New Delhi [India], Jan 29 (ANI): There has been a fifty percent increase, a substantial 3.4 million in the number of indirect taxpayers post the introduction of Goods and Services Tax (GST), the Economic Survey 2017-18 noted on Monday.
Many have voluntarily chosen to be part of GST, especially small enterprises that buy from large enterprises and want to avail themselves of Input Tax Credit (ITC).
The Economic Survey presented today in Lok Sabha by the Finance Minister Arun Jaitley noted that as on December 2017, there were 9.8 million unique GST registrants, slightly more than the total Indirect Tax registrants under the old system, where many taxpayers were registered under several taxes.
Further, the profile of new filers is extremely interesting to note.
Business-to-Consumer (B2C) transactions account for only 17 percent of the total.
The bulk of transactions are business-to-business (B2B) and exports, which account for 30-34 percent apiece.
Maharashtra, Uttar Pradesh, Tamil Nadu and Gujarat are the states with the greatest number of GST registrants.
Uttar Pradesh and West Bengal have seen a large increase in the number of tax registrants compared to the old tax regime.
This also underlines that the distribution of the GST base among the states is closely linked to the size of their economies, allaying fears of major producing states that the shift to the new system would undermine their tax collections.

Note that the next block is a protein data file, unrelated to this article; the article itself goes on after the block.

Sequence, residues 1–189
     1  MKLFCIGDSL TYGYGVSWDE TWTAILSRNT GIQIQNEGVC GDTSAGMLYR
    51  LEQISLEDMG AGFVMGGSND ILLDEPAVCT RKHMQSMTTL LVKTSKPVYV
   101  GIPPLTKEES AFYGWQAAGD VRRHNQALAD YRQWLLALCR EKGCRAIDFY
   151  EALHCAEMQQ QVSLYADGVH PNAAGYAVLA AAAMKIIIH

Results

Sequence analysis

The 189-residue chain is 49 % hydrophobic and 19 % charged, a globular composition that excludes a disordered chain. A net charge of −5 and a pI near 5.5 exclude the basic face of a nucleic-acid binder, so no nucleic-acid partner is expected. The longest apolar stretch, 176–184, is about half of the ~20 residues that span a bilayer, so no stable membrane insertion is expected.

Dwelling on the subject of international trade, inter-state trade and economic prosperity, the survey pointed-out that for the first time in India's history five states, namely Maharashtra, Gujarat, Karnataka, Tamil Nadu and Telangana account for 70 percent of India's exports.
The new data on the international exports of states suggests a strong correlation between export performance and the standard of living in the states.
Last year, the survey had estimated that India's inter-state trade in goods was between 30 and 50 percent of GDP.
The survey based on new GST data also provides a close look at the firm-level exports and states that India's exports are unusual in that the largest firms account for a much smaller share of exports than in other comparable countries.
Export concentration by firms is much lower in India than in the US, Germany, Brazil, or Mexico.
The top one percent of firms accounted for 72, 68, 67 and 55 percent of exports in Brazil, Germany, Mexico, and USA respectively but only 38 percent in the case of India.
Similarly, the top five percent accounted for 91, 86, 91 and 74 percent in those countries, compared with 59 percent in India and the top 25 percent of firms accounted for 99, 98, 99 and 93 percent in those countries, as opposed to 82 percent in India.
Referring to India's formal sector, especially formal non-farm payroll, the survey says it is substantially greater than currently believed.
Formality defined in terms of social security provision yields an estimate of formal sector payroll of about 31 percent of the non-agricultural work force; formality defined in terms of being part of the GST net suggests a formal sector payroll share of 53 percent.
The survey also sums up the implications for the Revenue Neutral Rate (RNR).
The current data suggests that the GST tax base, excluding exports is Rs 65-70 lakh crore, broadly similar to these two previous estimates.
Based on the average collections in the first few months, the implied weighted average collection rate is about 15.6 percent.
So, as estimated by the RNR Committee, the single tax rate that would preserve revenue neutrality is between 15 to 16 percent. (ANI)